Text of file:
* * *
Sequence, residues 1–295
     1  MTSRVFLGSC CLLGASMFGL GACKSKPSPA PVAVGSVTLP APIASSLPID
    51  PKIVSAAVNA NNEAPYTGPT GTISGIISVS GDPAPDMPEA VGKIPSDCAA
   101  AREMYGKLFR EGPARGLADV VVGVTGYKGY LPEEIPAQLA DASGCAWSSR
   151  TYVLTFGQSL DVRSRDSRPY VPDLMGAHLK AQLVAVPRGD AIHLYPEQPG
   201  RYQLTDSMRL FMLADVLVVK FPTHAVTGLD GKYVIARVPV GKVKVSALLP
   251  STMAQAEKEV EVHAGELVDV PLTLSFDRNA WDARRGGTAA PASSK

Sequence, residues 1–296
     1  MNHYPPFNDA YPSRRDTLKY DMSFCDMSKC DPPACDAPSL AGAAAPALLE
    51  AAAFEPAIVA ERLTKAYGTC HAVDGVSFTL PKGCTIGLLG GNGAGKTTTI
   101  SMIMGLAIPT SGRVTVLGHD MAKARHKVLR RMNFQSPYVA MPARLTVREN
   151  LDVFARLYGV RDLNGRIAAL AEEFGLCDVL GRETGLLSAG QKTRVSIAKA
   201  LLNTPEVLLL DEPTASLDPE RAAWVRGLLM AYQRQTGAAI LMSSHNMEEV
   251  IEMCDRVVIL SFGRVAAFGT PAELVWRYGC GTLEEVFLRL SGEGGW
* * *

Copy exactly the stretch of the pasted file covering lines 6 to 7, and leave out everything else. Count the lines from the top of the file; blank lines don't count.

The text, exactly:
   201  RYQLTDSMRL FMLADVLVVK FPTHAVTGLD GKYVIARVPV GKVKVSALLP
   251  STMAQAEKEV EVHAGELVDV PLTLSFDRNA WDARRGGTAA PASSK